Pulling Teeth… Losing Face?

Featured in the Summer 2017 edition of the Guernsey Now magazine.

Have you ever wondered whether the way we look is genetic, or do other factors play a role in the development of overcrowded teeth, crooked smiles, or cheeks and lips that sink in with age? When we study the development and growth of faces, and particularly our jaws, we find many dynamics that have a profound effect on the outcome of our adult facial image.

The size of our lower jaw is genetically determined. However, the upper jaw grows and develops under the direct influence of muscle and air pressure. Every time we swallow or breathe, pressure is placed on the bone of the upper jaw. The jaw then grows in the direction if which these pressures are exerted.


When we swallow correctly, our tongue presses against the palate, flattening it out to help develop our jaw width – the wider our upper jaw, the fuller our lips and cheekbones appear in adulthood. When we breathe through our nose, the difference in air pressure between the nose and mouth also helps to shape the upper jaw. These factors have a significant impact as we develop, particularly during the growth spurt years. For our jaws to develop correctly, we need to swallow properly and breathe through our noses.

Incorrect feeding techniques, bottle-feeding, dummies/pacifiers, thumb sucking and mouth breathing habits all disturb the natural balanced development and growth of our jaws. The result of these factors in all instances is a narrowed and underdeveloped upper jaw, leaving little room for our teeth to erupt. We then find that the teeth become crowded, misaligned and sometimes impacted. It also impedes the position of the lower jaw, forcing it backwards, sideways or both, causing the teeth to settle into an unnatural and irregular bite.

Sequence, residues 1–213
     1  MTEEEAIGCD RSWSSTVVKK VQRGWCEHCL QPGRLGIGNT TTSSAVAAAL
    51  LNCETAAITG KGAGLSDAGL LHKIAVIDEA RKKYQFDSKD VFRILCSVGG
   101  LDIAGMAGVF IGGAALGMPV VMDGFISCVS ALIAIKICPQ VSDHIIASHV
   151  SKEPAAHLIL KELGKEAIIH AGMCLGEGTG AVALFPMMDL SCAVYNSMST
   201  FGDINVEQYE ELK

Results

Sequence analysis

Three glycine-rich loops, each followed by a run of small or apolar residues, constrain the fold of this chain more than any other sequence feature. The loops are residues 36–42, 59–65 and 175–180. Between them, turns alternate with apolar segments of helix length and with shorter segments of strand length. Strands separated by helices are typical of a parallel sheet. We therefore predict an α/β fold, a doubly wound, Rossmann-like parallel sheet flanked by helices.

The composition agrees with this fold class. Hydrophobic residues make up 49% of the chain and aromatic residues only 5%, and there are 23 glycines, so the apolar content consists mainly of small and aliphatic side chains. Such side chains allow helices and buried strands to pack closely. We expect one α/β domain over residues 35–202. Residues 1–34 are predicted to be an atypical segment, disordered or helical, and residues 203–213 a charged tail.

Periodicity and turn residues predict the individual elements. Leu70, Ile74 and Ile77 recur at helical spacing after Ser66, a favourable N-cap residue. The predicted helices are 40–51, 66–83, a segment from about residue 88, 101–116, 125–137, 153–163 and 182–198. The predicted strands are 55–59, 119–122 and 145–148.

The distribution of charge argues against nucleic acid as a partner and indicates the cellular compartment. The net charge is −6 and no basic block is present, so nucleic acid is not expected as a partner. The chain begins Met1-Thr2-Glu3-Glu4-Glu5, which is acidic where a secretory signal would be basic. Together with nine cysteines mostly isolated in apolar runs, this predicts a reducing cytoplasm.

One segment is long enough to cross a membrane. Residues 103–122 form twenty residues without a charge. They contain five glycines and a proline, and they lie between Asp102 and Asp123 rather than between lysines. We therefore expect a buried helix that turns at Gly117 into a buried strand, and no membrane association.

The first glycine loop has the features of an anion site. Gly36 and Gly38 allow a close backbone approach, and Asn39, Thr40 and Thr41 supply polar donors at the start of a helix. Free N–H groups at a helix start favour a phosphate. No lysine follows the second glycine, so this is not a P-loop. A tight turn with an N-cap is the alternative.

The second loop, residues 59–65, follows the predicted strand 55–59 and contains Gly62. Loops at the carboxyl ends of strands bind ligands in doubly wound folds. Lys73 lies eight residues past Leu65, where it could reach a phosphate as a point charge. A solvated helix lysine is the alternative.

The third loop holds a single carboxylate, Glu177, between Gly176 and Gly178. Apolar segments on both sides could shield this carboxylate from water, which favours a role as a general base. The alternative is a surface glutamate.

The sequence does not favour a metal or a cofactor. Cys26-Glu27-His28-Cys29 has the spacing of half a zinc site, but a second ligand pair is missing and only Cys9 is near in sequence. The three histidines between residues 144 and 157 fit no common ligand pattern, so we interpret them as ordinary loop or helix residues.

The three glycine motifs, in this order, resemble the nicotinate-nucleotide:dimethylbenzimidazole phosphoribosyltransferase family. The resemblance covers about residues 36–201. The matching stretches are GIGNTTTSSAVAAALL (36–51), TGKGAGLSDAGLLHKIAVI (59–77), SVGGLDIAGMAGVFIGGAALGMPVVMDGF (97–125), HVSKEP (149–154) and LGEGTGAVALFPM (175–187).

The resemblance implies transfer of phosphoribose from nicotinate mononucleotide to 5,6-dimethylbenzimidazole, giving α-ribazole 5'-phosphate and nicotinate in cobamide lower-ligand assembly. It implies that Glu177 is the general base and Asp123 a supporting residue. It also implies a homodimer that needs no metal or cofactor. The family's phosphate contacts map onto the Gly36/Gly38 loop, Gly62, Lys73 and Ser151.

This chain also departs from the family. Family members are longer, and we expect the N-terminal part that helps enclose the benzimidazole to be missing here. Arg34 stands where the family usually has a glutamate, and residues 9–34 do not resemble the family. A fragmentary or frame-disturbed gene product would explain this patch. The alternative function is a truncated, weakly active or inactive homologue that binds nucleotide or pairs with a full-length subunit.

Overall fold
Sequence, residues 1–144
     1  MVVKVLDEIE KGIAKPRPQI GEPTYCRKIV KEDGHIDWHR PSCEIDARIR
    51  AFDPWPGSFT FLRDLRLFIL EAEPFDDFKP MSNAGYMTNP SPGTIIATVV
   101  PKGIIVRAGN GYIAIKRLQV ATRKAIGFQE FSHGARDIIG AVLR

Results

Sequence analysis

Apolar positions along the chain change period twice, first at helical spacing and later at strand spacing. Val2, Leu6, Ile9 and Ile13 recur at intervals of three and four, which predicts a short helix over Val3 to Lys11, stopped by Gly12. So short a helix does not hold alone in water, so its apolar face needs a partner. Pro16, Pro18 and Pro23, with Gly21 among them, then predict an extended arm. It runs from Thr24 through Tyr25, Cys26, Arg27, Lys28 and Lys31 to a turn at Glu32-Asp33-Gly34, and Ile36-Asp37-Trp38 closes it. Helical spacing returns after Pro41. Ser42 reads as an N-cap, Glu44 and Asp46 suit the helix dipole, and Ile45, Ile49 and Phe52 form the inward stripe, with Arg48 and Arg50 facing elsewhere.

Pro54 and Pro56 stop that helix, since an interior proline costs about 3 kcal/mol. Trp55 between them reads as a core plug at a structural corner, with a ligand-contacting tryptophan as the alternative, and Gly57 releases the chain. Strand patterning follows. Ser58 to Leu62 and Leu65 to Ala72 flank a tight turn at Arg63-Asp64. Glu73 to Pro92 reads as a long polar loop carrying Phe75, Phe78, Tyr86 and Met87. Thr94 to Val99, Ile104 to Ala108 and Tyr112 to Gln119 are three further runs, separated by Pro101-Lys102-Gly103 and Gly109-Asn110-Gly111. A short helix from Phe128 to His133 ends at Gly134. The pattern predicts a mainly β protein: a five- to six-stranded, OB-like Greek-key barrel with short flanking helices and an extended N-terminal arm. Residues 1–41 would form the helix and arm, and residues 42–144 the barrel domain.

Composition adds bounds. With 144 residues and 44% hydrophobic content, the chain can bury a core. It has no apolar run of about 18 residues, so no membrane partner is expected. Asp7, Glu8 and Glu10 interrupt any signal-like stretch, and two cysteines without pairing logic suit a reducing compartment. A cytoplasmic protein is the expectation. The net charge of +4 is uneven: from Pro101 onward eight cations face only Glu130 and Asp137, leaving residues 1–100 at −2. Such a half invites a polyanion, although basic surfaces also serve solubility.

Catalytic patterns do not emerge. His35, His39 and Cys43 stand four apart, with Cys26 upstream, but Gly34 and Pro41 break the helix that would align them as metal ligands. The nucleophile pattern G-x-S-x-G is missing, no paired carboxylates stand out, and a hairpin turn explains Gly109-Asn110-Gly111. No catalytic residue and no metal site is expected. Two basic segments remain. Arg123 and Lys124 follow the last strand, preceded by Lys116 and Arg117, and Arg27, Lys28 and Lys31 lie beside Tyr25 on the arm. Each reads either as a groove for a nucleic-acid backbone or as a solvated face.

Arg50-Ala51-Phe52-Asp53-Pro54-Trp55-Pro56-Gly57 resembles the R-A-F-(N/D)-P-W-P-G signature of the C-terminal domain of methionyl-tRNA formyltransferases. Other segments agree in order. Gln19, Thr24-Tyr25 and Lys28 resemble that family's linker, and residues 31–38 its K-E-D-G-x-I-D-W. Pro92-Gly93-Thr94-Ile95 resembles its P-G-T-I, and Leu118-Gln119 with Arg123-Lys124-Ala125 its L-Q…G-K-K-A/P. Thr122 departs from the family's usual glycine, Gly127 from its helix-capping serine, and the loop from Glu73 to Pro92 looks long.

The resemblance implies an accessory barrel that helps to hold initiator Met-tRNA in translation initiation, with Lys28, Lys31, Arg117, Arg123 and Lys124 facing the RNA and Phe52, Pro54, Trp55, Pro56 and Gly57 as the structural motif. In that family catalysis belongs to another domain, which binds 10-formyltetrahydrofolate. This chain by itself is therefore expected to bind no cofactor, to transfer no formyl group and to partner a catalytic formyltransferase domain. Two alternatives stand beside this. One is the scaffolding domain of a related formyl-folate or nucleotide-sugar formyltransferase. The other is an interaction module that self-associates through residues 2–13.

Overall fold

The narrow upper jaw, as well as the lower jaw trapped in a backwards position, has a dramatic effect on the appearance of our face, as well as the health of the joint of our lower jaw. The face appears narrow and long, and the chin looks small and set back. It gives the appearance of the front teeth protruding, when in fact it often is an illusion created by the lower jaw angled too far back. Headaches, clicking jaws, tooth grinding and breathing issues like snoring often arise from this unfortunate development.

Traditionally, crowding in the mouth has been treated by extracting healthy teeth to make more room, especially for impacted teeth. Pulling teeth out narrows our smile even further and can cause caved in chins and cheeks with age. However, advances in technology and techniques have now made it possible to gently stimulate and alter the shape and size of the jaw bones, to allow significant widening so teeth can erupt naturally. These new techniques make it possible to treat patients without the trauma of extracting healthy teeth, and restore the jaws and face to a more aesthetically pleasing appearance.

We frequently have parents contact our practice with concerns that their child’s teeth appear crowded or some adult teeth are not erupting. More often than not, these concerns are validated and we are delighted to provide a free consultation and advice service for all children. We can often correct adult crowding in a similar manner. If teeth have already been extracted, implants can often be placed once the widening process is complete.

Contact Stefan Cloete at QRDC for an appointment to discuss the possibilities of a wider, brighter and more beautiful smile that nature intended, together with the health benefits that go with it.

Before Widening Treatment


After Widening Treatment